Directed by: Milos Forman
Starring: Jack Nicholson, Louise Fletcher, Brad Dourif, William Redfield, Marya Small, Will Sampson
In 1975 I found One Flew Over the Cuckoo’s Nest grotesquely overrated. I still find it so, but age has either improved it or perhaps changed me. My basic quibble with the film is that it’s part and parcel of the movies’ unfortunate tendency to romanticize mental illness—to keep feeding the notion that the mentally ill are somehow magical and better than so-called “normal” people. (It would be interesting to know just when and where this idea took root. It may have been with Mary Chase’s play Harvey in 1945, which was filmed in 1950.) In all fairness, Forman’s film is hardly the worst example of this, but “crazy as cute” constantly creeps in around the edges.
That said, the film boasts at least three terrific performances: Jack Nicholson as the convict who cons his way into a mental hospital, Brad Dourif as the most fragile of the inmates and Will Sampson as the largely silent Native American. (No, I don’t think Louise Fletcher’s performance is all that great.) The film is also well made and has several outstanding set pieces, and whatever one thinks of the rest of the film, the ending is terrific. When all is said, though, it’s really Nicholson’s manic energy that keeps the film afloat—and which propelled it to its immense popularity. For that performance and the climactic sequence alone, it’s a movie worth having.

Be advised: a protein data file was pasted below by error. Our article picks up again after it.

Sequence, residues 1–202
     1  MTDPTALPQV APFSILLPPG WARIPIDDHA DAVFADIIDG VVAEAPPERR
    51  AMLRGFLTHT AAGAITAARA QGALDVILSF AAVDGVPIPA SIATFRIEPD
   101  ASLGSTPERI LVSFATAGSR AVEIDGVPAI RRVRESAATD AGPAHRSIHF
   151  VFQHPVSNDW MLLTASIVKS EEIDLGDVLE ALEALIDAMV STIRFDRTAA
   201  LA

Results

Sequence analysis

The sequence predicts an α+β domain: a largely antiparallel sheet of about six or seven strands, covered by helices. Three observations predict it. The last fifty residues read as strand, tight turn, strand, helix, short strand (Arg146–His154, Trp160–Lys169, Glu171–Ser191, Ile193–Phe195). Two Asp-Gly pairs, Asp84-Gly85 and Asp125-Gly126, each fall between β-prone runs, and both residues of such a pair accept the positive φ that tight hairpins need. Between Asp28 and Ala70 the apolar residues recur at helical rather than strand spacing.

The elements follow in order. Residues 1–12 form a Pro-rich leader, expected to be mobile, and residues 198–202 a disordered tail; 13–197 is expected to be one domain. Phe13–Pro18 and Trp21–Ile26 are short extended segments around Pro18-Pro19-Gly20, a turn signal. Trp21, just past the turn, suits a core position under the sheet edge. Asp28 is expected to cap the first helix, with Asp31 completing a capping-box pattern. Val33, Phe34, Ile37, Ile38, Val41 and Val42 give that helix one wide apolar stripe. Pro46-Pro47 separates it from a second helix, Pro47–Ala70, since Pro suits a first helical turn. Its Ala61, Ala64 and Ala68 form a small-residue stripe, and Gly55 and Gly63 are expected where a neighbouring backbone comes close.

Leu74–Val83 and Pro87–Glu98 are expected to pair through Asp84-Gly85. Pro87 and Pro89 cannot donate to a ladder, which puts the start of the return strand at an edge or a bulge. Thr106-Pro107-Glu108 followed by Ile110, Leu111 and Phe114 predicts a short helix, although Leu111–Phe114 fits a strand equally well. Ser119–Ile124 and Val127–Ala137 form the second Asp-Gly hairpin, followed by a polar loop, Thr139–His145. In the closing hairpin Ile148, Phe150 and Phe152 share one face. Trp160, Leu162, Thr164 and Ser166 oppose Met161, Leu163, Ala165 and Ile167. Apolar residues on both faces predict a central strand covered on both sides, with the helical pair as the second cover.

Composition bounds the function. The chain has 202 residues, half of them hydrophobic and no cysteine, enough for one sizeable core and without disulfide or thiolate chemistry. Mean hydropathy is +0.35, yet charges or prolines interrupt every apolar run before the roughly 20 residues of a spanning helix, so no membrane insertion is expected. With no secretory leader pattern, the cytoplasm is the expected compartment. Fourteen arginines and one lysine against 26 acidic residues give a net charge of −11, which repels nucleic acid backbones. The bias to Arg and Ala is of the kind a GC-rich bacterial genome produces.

Walk-in Theatre presents One Flew Over the Cuckoo’s Nest at dusk on Friday, Sept. 14, in the parking lot behind the Bledsoe Building in West Asheville. Sponsored by the merchants of the Bledsoe Building. Admission is free—and once again, please leave pets and alcohol at home.